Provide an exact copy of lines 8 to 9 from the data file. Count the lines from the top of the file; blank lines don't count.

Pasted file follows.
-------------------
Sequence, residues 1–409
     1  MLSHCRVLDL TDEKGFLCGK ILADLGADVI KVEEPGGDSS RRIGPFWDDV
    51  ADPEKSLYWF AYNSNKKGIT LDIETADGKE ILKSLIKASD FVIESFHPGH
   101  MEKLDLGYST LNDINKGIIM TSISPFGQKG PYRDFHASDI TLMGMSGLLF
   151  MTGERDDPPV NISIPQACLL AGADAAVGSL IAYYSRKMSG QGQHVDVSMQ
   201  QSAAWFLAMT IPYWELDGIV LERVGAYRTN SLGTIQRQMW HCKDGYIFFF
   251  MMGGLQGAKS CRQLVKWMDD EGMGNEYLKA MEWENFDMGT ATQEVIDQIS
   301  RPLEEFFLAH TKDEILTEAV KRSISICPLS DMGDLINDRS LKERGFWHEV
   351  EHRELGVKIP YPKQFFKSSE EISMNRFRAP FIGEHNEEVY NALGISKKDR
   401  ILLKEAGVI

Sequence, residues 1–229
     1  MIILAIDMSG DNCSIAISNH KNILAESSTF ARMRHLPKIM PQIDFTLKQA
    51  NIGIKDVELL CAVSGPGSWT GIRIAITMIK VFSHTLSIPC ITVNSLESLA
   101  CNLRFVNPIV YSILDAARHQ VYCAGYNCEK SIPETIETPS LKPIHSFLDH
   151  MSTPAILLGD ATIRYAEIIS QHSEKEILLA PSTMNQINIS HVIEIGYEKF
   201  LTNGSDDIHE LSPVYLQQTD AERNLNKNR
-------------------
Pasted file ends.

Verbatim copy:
   301  RPLEEFFLAH TKDEILTEAV KRSISICPLS DMGDLINDRS LKERGFWHEV
   351  EHRELGVKIP YPKQFFKSSE EISMNRFRAP FIGEHNEEVY NALGISKKDR